Foreword Reviews


Year One

Inventive and highly entertaining, A. L. Collins’s Redworld is set in a future where Mars has been colonized and serves as home to several alien races, including humans. Clever explanations for how the planet was made livable, and how its inhabitants create and use energy to sustain it, build a believable setting reminiscent of the old west.

Belle Song, a young girl who has no desire to live on Mars, has a spirited sense of adventure that makes her a good fit for life on this alien world. Her parents’ engineering jobs on Mars fall through, but her father decides that the family will stay and become farmers.

Life on the farm is filled with hard work. Living conditions are fairly primitive, and the two friends she makes, each a different alien species, do not get along. All of this is of small concern when Belle and her friends find themselves facing wild dogs, raiders, big-city criminals, and a lost cave full of sacred artifacts.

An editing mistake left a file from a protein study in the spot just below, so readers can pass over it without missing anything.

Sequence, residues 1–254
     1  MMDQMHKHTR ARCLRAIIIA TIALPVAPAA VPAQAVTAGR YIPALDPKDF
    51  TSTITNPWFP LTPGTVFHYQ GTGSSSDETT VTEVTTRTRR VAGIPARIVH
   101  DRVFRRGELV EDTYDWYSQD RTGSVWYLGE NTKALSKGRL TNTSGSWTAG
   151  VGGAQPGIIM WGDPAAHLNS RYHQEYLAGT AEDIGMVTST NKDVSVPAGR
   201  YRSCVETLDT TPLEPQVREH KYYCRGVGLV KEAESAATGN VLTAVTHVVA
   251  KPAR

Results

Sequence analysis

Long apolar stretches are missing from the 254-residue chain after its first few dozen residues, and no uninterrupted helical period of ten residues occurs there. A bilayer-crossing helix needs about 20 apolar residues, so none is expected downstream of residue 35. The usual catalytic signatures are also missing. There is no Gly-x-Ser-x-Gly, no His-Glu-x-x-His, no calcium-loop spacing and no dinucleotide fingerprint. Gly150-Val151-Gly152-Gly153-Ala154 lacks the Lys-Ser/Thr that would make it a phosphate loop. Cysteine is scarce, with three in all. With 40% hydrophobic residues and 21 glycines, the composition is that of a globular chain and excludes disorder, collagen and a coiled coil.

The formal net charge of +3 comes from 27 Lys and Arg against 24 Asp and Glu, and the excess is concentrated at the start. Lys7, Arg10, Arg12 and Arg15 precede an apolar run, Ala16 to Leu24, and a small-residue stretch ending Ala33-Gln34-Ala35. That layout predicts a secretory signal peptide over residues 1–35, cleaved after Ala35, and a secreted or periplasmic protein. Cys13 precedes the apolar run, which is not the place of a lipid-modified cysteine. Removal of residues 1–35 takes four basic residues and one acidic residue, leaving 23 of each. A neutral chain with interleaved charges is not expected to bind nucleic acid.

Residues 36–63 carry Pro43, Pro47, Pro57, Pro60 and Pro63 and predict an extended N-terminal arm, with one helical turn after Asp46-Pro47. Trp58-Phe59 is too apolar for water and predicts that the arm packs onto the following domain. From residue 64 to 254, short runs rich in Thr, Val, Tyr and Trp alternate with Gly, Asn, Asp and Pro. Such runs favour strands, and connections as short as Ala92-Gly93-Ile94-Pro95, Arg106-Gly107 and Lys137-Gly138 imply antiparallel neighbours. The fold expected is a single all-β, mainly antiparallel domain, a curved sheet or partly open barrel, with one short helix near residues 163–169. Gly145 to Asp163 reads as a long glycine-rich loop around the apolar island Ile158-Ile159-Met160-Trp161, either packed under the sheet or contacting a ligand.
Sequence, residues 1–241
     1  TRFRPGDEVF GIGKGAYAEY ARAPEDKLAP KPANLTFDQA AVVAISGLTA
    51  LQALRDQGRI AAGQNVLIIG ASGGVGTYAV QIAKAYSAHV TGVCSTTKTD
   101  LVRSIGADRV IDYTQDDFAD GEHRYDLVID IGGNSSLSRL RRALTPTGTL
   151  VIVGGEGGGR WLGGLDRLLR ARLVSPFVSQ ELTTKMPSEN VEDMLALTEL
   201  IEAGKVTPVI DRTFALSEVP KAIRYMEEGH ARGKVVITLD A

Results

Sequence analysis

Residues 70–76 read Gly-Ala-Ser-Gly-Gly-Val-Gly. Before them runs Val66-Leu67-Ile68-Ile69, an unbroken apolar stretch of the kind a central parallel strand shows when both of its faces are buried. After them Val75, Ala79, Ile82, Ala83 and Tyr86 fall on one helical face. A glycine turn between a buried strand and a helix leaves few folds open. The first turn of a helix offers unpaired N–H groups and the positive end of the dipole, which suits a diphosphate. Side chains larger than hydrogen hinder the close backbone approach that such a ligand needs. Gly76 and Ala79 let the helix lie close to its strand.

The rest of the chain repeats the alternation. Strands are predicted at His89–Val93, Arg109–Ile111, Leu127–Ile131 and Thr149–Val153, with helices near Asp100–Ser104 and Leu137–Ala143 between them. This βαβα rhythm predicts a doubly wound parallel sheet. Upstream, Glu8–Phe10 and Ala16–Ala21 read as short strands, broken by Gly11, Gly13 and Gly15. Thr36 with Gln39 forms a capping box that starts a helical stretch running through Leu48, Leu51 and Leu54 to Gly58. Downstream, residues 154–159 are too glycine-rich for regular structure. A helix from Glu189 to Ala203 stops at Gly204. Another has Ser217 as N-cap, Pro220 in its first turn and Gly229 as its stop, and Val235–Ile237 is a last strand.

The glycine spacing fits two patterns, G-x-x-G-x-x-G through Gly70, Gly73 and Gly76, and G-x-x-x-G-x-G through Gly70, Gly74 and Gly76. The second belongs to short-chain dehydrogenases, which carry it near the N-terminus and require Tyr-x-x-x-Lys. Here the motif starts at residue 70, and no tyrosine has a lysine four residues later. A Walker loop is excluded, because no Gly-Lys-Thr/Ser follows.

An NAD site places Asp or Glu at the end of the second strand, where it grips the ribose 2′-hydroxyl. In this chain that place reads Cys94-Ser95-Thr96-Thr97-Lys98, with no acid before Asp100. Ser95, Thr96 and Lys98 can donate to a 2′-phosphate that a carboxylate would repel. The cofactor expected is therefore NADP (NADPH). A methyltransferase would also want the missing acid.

The martian setting is enticing, especially as explored by naturally curious Belle. An android helper and aliens add interesting elements.

This book follows courageous Belle’s first few seasons living on Mars. It is divided into four parts, each of which could stand alone as an independent story. Throughout each of the stories, Belle and her friends learn to trust one another and that “we’re all aliens to each other … until we become friends.”

Redworld is fun, unique, and well plotted, with interesting characters and dangerous adventures that make it difficult to put down. Subtle lessons about creating a sustainable environment and learning to see past superficial differences heighten its appeal.

Reviewed by Catherine Thureson

Disclosure: This article is not an endorsement, but a review. The publisher of this book provided free copies of the book to have their book reviewed by a professional reviewer. No fee was paid by the publisher for this review. Foreword Reviews only recommends books that we love. Foreword Magazine, Inc. is disclosing this in accordance with the Federal Trade Commission’s 16 CFR, Part 255.

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